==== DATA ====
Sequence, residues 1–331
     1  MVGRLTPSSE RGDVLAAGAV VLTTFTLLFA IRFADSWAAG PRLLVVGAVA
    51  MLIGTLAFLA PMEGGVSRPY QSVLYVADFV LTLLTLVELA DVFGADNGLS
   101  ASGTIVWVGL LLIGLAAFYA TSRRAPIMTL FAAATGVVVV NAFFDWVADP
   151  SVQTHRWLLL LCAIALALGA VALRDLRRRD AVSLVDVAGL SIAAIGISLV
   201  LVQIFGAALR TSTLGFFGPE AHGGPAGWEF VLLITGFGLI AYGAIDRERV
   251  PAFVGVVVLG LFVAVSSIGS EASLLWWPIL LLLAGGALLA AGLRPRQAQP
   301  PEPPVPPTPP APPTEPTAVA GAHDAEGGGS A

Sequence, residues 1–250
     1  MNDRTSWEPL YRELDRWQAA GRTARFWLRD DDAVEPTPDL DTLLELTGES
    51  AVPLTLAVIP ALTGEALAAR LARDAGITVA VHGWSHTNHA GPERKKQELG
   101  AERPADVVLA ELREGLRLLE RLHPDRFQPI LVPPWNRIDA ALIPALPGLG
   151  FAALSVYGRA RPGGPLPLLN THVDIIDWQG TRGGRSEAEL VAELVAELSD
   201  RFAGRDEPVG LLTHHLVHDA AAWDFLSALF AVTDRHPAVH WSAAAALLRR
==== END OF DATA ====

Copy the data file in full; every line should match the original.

Sequence, residues 1–331
     1  MVGRLTPSSE RGDVLAAGAV VLTTFTLLFA IRFADSWAAG PRLLVVGAVA
    51  MLIGTLAFLA PMEGGVSRPY QSVLYVADFV LTLLTLVELA DVFGADNGLS
   101  ASGTIVWVGL LLIGLAAFYA TSRRAPIMTL FAAATGVVVV NAFFDWVADP
   151  SVQTHRWLLL LCAIALALGA VALRDLRRRD AVSLVDVAGL SIAAIGISLV
   201  LVQIFGAALR TSTLGFFGPE AHGGPAGWEF VLLITGFGLI AYGAIDRERV
   251  PAFVGVVVLG LFVAVSSIGS EASLLWWPIL LLLAGGALLA AGLRPRQAQP
   301  PEPPVPPTPP APPTEPTAVA GAHDAEGGGS A

Sequence, residues 1–250
     1  MNDRTSWEPL YRELDRWQAA GRTARFWLRD DDAVEPTPDL DTLLELTGES
    51  AVPLTLAVIP ALTGEALAAR LARDAGITVA VHGWSHTNHA GPERKKQELG
   101  AERPADVVLA ELREGLRLLE RLHPDRFQPI LVPPWNRIDA ALIPALPGLG
   151  FAALSVYGRA RPGGPLPLLN THVDIIDWQG TRGGRSEAEL VAELVAELSD
   201  RFAGRDEPVG LLTHHLVHDA AAWDFLSALF AVTDRHPAVH WSAAAALLRR